Disabled people’s organisations react to the Spring Budget

Today’s Spring Budget brought some welcome confirmations like fuel duty remaining frozen, the energy price cap staying at the same level until the end of June, and changes to the cost of energy for households with pre-payment meters, but the new changes to the benefits system have left disabled people’s organisations with questions about the future of support. 

The Chancellor Jeremy Hunt outlined changes to disability benefits, notably the abolishment of Work Capability Assessments and funding for up to 50,000 places on a new, voluntary scheme to help disabled people back into work. More information on these points will be available in the Disability White Paper also published today. Parents receiving Universal Credit will also now receive £951 each month towards the cost of childcare for one child and £1,630 for two children, and this will be paid upfront. 

Disabled people’s organisations and charities have been reacting to the announcements, and sharing their concerns. 


Sarah White, head of policy at Sense, says:

“Everyone is affected by rising costs, but some are affected more than others. Disabled households are at breaking point, and it’s disappointing that the government haven’t recognised this.

The decision to extend the Energy Price Guarantee will do little to ease the pressure on disabled households struggling to cope with the cost-of-living crisis.  Whilst it’s often called a ‘cap’, people who use more energy still pay more.   Disabled households need dedicated support to cover the unavoidable costs they face running specialist equipment such as breathing machines, feeding machines and powered wheelchairs.

The decision to reconsider the Work Capability Assessment (WCA) is long overdue. Assessments often fail to provide a true reflection of an individual’s capabilities or limitations and the experience is stressful, and at times, traumatic.

But getting rid of it alone won’t fix a broken system. We need reform and a culture-shift.  

Whilst many of todays’ announcements have the potential to be positive for disabled people the government needs to make the system fairer today and not in several years’ time. 

We need to create systems, that disabled people have helped design, that puts the emphasis on what people can do with the right support, and doesn’t lead them to being pressured into work when it’s not right for them.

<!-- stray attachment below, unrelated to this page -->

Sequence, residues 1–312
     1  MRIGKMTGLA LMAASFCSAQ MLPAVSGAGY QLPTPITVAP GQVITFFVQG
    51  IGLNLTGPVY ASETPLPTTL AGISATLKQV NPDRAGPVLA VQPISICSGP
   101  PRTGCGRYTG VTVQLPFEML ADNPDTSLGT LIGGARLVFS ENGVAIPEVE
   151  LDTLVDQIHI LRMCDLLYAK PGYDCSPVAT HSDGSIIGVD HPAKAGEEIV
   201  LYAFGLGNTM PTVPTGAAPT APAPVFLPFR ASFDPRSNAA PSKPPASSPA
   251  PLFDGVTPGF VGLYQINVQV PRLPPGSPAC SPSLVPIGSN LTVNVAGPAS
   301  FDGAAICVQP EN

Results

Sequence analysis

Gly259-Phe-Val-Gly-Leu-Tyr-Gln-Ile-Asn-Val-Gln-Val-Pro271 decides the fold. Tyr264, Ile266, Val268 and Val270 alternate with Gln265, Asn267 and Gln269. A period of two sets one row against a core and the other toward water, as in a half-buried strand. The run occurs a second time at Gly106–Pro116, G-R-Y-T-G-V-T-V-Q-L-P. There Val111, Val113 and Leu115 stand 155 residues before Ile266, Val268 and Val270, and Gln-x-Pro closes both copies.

Personalised employment support programmes that are tailored for disabled people can help identify the barriers, and better support people into the job market. Ultimately, people must be supported and not penalised. We hope that the newly announced Universal Support programme will take steps to achieve this.”


Tim Cooper, chief executive of national disability charity United Response, says:

“It is unthinkable that a focus on supporting the labour market ignores the ongoing workforce crisis which is hitting the social care sector. This does not have to be a missed opportunity, the government can and must invest in this vital sector to ensure a sustainable system fit for current needs.

To reflect the importance of social care the government needs to ensure pay parity between social care and NHS staff and class social care as a special occupation, which would allow people in these roles to work more than 16 hours and still be eligible for benefits. The Government should ensure that agency costs for social care are VAT free, as they already are for the NHS.

The funding to support young people with special educational needs into work is a welcome step forward in our campaign for an inclusive education, employment and skills system.”


Anastasia Berry, policy co-chair of the Disability Benefits Consortium and policy manager at the MS Society, says: